Exec says Angels could leave Anaheim in 2029, maybe hopes new metropolis has arisen by then

Los Angeles Angels president John Carpino spoke out about the  over development rights to the team’s Anaheim stadium parking lot yesterday, and said if things can’t be worked out the team might just leave — 13 years from now.

Carpino spoke after the developer of a large-scale project next to Angel Stadium agreed Tuesday to postpone an Anaheim City Council vote on the project for three weeks, in the hope of resolving the team’s objections to the development…

Although the Angels’ current lease extends through 2029, the team can opt out no later than Oct. 16, 2018, which would terminate the lease after the 2019 season.

Carpino said the Angels have three options: move, renovate Angel Stadium, or play out the current lease.

So… that doesn’t actually quite make sense as written. What the Los Angeles Times’ Bill Shaikin appears to be trying to say is that the Angels may not use the opt-out clause in their lease in two seasons, in which case their next opportunity to leave Anaheim would be in 2029. It’s not entirely clear whether that’s meant to be a promise or a threat, but there it is.

Of course, the reason that Angels owner Arte Moreno might not use the opt-out clause is because he has nowhere to go that’s still in the super-lucrative Los Angeles (plus Orange County) market, especially since his attempts to get a stadium out of Tustin went nowhere. That’s not likely to change by 2029 — yeah, Las Vegas is growing, but not that fast — so this would seem to be a coded admission of “Yeah, we’re stuck here whether we like it or not, thanks to the SoCal cable riches.” I mean, maybe by 2029 cable has ceased to exist and some new MLB model makes it feasible for teams to play in places like Green Bay, like the NFL’s does? Maybe by then Halifax has become bustling with American climate refugees? Or maybe Moreno has really decided he’ll settle for selling another 13 years worth of Mike Trout jerseys and figure out the whole stadium thing later. If so, well played, Tom Tait.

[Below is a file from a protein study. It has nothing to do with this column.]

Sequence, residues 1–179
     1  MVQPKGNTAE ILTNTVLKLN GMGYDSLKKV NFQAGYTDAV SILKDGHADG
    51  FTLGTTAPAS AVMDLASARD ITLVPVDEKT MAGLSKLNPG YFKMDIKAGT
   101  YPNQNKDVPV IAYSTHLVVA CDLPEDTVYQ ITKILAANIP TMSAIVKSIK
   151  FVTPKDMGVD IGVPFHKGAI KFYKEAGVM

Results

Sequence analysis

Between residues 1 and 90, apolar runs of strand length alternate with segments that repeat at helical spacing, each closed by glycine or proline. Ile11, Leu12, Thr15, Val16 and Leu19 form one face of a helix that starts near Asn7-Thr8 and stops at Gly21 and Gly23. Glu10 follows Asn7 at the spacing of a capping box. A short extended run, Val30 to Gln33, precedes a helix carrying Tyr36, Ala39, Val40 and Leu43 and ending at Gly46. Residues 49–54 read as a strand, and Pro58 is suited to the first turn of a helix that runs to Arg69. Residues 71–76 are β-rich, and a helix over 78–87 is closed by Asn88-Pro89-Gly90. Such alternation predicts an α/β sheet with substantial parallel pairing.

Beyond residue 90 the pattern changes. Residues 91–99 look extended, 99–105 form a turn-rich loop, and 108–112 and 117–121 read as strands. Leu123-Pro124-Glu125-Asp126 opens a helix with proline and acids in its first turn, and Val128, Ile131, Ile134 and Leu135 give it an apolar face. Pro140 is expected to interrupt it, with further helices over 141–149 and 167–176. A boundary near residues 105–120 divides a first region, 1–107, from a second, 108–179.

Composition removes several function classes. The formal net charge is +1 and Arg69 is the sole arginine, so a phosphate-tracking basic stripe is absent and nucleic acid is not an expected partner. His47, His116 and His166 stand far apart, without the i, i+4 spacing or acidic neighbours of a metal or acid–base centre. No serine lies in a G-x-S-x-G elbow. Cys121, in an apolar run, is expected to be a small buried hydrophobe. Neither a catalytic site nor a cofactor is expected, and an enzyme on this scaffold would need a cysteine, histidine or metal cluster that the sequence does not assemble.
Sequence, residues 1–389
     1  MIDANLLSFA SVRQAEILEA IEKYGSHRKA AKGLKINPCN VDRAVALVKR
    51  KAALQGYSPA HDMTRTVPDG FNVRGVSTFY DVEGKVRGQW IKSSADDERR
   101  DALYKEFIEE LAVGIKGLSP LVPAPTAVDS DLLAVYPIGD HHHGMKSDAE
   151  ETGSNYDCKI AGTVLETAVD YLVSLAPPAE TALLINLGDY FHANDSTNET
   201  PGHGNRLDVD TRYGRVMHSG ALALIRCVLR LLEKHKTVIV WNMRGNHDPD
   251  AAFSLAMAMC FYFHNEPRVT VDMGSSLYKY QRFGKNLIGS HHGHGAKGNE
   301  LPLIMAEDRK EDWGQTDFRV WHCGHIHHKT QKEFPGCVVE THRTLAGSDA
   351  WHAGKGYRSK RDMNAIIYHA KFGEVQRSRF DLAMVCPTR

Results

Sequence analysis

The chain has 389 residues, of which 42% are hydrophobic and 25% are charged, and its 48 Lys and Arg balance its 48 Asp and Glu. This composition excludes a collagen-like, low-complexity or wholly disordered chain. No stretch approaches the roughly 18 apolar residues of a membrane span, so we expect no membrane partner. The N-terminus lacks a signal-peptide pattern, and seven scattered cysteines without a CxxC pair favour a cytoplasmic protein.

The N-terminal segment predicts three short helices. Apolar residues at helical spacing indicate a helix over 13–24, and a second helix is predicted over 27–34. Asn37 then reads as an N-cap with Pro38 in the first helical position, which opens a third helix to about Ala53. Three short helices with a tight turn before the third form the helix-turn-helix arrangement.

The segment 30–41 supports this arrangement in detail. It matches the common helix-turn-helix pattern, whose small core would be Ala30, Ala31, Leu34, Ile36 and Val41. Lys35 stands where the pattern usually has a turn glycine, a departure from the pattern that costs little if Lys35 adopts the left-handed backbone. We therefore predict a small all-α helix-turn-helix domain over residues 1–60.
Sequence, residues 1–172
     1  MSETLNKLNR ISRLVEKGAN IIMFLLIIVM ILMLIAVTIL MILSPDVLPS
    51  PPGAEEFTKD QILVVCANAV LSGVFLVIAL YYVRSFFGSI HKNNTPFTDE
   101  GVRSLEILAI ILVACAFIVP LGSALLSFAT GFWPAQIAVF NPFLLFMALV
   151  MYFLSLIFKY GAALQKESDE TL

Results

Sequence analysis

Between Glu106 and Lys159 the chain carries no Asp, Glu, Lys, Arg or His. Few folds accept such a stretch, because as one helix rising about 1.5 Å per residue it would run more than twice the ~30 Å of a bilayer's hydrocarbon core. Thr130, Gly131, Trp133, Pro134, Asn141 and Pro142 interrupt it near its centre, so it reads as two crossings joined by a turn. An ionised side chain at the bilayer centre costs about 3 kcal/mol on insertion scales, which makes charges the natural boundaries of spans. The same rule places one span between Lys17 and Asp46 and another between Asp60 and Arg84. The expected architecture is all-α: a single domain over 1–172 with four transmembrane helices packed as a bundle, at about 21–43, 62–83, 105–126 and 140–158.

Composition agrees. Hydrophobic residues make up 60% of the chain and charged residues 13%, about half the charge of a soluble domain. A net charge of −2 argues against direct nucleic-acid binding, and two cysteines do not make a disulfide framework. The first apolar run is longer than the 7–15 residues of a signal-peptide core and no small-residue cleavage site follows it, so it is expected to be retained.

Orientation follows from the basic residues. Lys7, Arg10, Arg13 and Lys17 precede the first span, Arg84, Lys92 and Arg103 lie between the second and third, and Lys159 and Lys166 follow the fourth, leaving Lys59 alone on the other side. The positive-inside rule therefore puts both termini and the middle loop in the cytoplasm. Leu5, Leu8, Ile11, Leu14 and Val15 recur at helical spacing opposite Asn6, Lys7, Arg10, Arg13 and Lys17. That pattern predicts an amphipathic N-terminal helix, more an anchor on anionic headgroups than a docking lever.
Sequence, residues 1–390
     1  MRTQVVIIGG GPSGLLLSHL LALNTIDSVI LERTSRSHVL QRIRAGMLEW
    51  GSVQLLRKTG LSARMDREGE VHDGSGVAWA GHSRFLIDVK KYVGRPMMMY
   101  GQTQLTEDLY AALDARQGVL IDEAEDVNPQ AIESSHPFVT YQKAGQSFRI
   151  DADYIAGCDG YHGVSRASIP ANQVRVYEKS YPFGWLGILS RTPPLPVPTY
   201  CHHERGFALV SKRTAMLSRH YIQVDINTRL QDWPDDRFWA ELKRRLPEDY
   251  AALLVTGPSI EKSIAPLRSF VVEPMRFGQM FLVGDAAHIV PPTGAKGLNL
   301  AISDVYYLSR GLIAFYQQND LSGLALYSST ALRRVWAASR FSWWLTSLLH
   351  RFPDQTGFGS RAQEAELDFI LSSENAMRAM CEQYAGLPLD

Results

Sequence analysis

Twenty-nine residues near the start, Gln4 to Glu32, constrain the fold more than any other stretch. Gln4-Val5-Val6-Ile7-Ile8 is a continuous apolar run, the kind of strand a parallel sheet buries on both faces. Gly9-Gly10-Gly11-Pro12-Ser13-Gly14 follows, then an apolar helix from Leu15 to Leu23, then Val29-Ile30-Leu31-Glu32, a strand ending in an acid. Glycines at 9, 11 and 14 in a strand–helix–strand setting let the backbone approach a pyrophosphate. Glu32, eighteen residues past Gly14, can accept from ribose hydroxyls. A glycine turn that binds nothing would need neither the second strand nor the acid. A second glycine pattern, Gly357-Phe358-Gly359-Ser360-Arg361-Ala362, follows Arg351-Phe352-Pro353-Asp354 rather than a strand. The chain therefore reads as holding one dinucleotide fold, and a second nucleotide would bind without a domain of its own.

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17 comments on “Exec says Angels could leave Anaheim in 2029, maybe hopes new metropolis has arisen by then

  1. I know traffic out there is bad but this is the first time I’ve ever heard of a team objecting to restaurants, shops, etc. being near their stadium. Were the Angels hoping to get that land for themselves for a new stadium or an expansion of some kind?

    1. Yeah, click through a bit — this is all about Moreno trying to get hold of the surrounding land for his own development, preferably without paying for it.

    1. Hmm? Anaheim isn’t Inland Empire (nor is Tustin). And in both cases, elected officials have been saying no to Moreno’s subsidy requests.

      1. This seems plausible to me. The Valley of the dirt people, I mean the Inland Empire, has long desired to get out of the shadow of LA and OC and it wouldn’t surprise me if the opportunity to stick it to one of those places by “stealing” the Angels excited a lot of voters/taxpayers/pols. There’s multiple municipalities to play off each other (Ontario, Riverside, San Bernardino) that wouldn’t isolate the team from fans in the “losing” city. Moreno could definitely keep Los Angeles in the team name since it’s also considered part of the L.A. market and if measured as its own media market, the Inland Empire ranks somewhere around 13th with about 4 million people

        1. Unless San Berdu wants to follow the Detroit model, that city is already in bankruptcy and can barely afford to pick up the garbage.